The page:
What is this medication?
PNEUMOCOCCAL VACCINE, POLYVALENT (NEU mo KOK al vak SEEN, pol ee VEY luhnt) is a vaccine to prevent pneumococcus bacteria infection. These bacteria are a major cause of ear infections, Strep throat infections, and serious pneumonia, meningitis, or blood infections worldwide. These vaccines help the body to produce antibodies (protective substances) that help your body defend against these bacteria. This vaccine is recommended for people 2 years of age and older with health problems. It is also recommended for all adults over 50 years old. This vaccine will not treat an infection.
This medicine may be used for other purposes; ask your health care provider or pharmacist if you have questions.
COMMON BRAND NAME(S): Pneumovax 23
What should I tell my care team before I take this medication?
They need to know if you have any of these conditions:
•bone marrow or organ transplant
•cancer, Hodgkin's disease
•immune system problems
•low platelet count in the blood
•an unusual or allergic reaction to pneumococcal vaccine, diphtheria toxoid, other vaccines, latex, other medicines, foods, dyes, or preservatives
•pregnant or trying to get pregnant
How should I use this medication?
This vaccine is for injection into a muscle or under the skin. It is given by a health care professional.
A copy of Vaccine Information Statements will be given before each vaccination. Read this sheet carefully each time. The sheet may change frequently.
Talk to your pediatrician regarding the use of this medicine in children. While this drug may be prescribed for children as young as 2 years of age for selected conditions, precautions do apply.
Overdosage: If you think you have taken too much of this medicine contact a poison control center or emergency room at once.
NOTE: This medicine is only for you. Do not share this medicine with others.
What if I miss a dose?
It is important not to miss your dose. Call your doctor or health care professional if you are unable to keep an appointment.
What may interact with this medication?
•medicines for cancer chemotherapy
•medicines that suppress your immune function
•medicines that treat or prevent blood clots like warfarin, enoxaparin, and dalteparin
•steroid medicines like prednisone or cortisone
This list may not describe all possible interactions. Give your health care provider a list of all the medicines, herbs, non-prescription drugs, or dietary supplements you use. Also tell them if you smoke, drink alcohol, or use illegal drugs. Some items may interact with your medicine.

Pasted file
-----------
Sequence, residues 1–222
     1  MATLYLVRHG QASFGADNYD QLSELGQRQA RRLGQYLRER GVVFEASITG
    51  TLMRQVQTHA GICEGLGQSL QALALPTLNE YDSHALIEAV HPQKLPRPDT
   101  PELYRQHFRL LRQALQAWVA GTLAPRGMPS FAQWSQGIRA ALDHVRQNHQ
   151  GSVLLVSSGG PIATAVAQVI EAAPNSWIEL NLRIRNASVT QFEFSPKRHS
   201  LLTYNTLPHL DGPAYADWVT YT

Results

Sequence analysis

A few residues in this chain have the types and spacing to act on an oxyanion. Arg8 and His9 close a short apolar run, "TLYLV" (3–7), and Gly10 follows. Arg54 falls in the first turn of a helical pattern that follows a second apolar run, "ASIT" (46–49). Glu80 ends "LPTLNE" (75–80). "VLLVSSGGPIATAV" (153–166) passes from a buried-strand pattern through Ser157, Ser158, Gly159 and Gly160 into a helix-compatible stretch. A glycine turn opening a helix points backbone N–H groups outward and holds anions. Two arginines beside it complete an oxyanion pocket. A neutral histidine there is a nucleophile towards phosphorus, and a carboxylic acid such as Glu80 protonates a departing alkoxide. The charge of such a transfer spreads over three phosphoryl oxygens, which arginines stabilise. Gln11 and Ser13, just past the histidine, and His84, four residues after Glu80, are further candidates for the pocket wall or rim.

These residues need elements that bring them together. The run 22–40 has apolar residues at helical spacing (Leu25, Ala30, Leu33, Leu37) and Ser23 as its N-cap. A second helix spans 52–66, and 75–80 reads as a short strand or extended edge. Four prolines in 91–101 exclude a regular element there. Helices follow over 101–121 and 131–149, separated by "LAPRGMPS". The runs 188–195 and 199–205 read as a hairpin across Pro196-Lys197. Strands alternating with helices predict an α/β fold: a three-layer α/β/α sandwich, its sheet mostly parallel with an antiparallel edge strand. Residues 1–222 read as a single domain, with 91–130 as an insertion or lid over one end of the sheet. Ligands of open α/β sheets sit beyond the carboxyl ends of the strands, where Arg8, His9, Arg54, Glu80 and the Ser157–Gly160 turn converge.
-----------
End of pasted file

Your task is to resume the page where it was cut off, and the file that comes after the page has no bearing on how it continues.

What should I watch for while using this medication?
Mild fever and pain should go away in 3 days or less. Report any unusual symptoms to your doctor or health care professional.
What side effects may I notice from receiving this medication?
Side effects that you should report to your doctor or health care professional as soon as possible:
•allergic reactions like skin rash, itching or hives, swelling of the face, lips, or tongue
•fever over 102 degrees F
•pain, tingling, numbness in the hands or feet
•unusual bleeding or bruising
•unusual muscle weakness
Side effects that usually do not require medical attention (report to your doctor or health care professional if they continue or are bothersome):
•aches and pains
•fever of 102 degrees F or less
•loss of appetite
•pain, tender at site where injected
This list may not describe all possible side effects. Call your doctor for medical advice about side effects. You may report side effects to FDA at 1-800-FDA-1088.
Where should I keep my medication?
This does not apply. This vaccine is given in a clinic, pharmacy, doctor's office, or other health care setting and will not be stored at home.
NOTE: This sheet is a summary. It may not cover all possible information. If you have questions about this medicine, talk to your doctor, pharmacist, or health care provider.
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